WAAAUB Holds First Ever International Convention: Commitment to AUB and Enhancing Ties among Alumni  
AUBMC Receives US Accreditation
Seven New Members to Join the AUB Board of Trustees
Establishment of the Michael Atiyah Chair in Mathematical Sciences at AUB
AUB Nutrition and Food Science Department Named as WHO Collaborating Center
Academic Excellence Rewarded: AUB's Merit Scholarships
AUB Announces New Center for Civic Engagement and Community Service
Shahe Kazarian's - Reflections of My I (Published by Cadmus Project: 2007)
Faculty Profile: Patrick Lewtas
Professor Mrad Lectures Abroad
Staff Profile: Ramzieh Saad
Essay Competition Honors Arab World's 'Prince of Poets'
Donald Mitchell Examines Control Over City Streets
The Political Consequences of American Romanticism
Juan Cole Points at Failures in United States
Scholar Studies Impact of Terrorism on American Imports
Ambassador Evaluates Role of United Kingdom in the Arab World
A View of Islam in the Eighth Century
The Need for Dialogue Between Religions
Istanbul's Pleasures Revealed
National Identity Without Citizenship?
On-line Workshops Help Train Journalists
Student Artwork Exhibited at Jafet Library
Amulets and Talismans at the AUB Museum
Living with Animals: To Prevent Torture and the Impact of War
Women's Auxiliary Holiday Luncheon
Home of Hope Orphans Tour AUB Medical Center
Italian Opera Recital at Assembly Hall
Strengthening Ukraine and Lebanese Relations with Music
AUB Music Club Concert
From Sufi Chant to Oriental Jazz
AUB Choir and Choral Society Celebrate Christmas
Benefit Christmas Concerts Help Ayadina Center
Red Cross Club Forms Human Ribbon
January 2008 Vol. 9 No. 4


Essay Competition Honors Arab World's 'Prince of Poets'

A year has passed since Jawdat Haydar, named the "Prince of Poets" by the Arab League, died in Lebanon at the advanced age of 102 and the AUB Department of English Language and Literature and the Anis K. Makdisi Program in Literature announced the Jawdat Haydar Essay Competition to AUB students.

Haydar belongs to a long tradition of Lebanese poets who composed their verse in English, including Gibran Khalil Gibran and Amin Rihani. On December 4 to honor him in a ceremony devoted to his life and work at Unesco Palace, the three winners of this year's student essay competition were announced, with the prizes of money going to Diala Kabbara from the University of Balamand, Maya Sfeir from the Lebanese University, and Nayiri Kalayjian from Haigazian University.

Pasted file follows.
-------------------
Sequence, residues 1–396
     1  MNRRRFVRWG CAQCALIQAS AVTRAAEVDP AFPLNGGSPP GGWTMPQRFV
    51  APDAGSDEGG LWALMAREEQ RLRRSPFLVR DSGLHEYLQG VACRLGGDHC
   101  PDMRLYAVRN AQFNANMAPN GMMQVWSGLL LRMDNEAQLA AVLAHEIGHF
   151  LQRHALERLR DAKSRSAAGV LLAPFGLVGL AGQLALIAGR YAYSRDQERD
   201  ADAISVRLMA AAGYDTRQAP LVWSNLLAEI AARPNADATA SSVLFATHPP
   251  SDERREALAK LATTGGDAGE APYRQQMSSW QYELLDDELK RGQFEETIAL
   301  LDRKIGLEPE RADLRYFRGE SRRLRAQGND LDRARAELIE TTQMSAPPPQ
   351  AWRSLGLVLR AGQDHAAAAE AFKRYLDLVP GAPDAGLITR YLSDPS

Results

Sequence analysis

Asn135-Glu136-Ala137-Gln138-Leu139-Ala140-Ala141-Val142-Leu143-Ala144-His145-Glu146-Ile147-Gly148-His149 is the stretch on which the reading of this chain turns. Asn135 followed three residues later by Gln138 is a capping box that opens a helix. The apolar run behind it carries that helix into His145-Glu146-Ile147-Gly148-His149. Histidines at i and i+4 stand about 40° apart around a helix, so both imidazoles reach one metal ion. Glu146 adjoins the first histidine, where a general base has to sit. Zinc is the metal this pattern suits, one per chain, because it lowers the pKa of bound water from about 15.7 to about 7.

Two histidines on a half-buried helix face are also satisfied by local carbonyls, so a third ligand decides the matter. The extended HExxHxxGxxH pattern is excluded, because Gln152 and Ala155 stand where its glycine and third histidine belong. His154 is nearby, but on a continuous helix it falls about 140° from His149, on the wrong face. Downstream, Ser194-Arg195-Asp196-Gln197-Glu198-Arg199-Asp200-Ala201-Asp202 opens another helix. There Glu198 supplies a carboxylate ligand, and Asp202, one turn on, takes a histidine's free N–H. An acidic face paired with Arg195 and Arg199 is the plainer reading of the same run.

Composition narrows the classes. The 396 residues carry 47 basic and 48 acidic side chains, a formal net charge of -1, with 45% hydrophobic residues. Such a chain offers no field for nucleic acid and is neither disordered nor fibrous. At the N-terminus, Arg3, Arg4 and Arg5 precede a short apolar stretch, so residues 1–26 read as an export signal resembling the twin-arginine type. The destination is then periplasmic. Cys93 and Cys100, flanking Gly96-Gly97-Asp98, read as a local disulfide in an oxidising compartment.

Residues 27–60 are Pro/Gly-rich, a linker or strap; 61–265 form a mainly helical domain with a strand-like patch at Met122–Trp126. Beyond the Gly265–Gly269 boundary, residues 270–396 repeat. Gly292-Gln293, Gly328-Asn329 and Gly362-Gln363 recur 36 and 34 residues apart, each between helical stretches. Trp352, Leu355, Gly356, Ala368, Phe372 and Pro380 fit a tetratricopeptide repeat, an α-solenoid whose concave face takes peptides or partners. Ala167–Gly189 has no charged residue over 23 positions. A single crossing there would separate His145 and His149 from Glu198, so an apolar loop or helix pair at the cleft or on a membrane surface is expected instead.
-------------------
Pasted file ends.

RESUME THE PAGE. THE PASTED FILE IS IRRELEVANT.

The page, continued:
The contest, sponsored by the Committee of the Friends of Jawdat Haydar, sought to recognize the "students' creative skills in thought and expression" as conveyed in the English language in a maximum of five thousand-words. According to Sirène Harb, Assistant Professor of English and American Literature, who represented AUB on the selection committee, the students' entries in general dealt with the notions of memory, time, eternity, and idealism in Haydar's works. Other entries discussed his poems from a comparative perspective, establishing links between his works and those of other poets.
In addition to Harb, the jury panel included representatives from each of Haigazian University, the Lebanese University, the University of Balamand, the Lebanese American University, the Holy Spirit University of Kaslik, and Beirut Arab University.

Haydar was born just after the turn of the century to a family of wealthy Baalbeki landowners and assorted intellectuals. He attended Beirut's International College, pursued his university studies in the U.S, graduated from North Texas State University with a degree in education, and returned to Lebanon in 1928. Haydar wrote his poems in English until the death of his wife in 1982, at which point he began composing in Arabic. He is often credited with the revival of Lebanese literature after the 1975-1990 civil war.

Haydar's work is collected in four English-language anthologies: Voices, published in 1980; Echoes, in 1986; Shadows, in 1999; and 101 Selected Poems, published in 2006. Haydar's books tackle everything from the parallel lives of an individual and a nation to the sociological dilemmas of mankind and the environmental problems of an unpredictable century. He blended East and West with great dexterity in his poetry. Clearly influenced by the likes of John Keats, Lord Byron, William Wordsworth, and Gibran Khalil Gibran, Haydar used poetry to purge personal anguish, such as the death of his only son, as well as to express collective anxiety, such as the Lebanese web of hatred and distrust spun by fifteen years of internecine violence.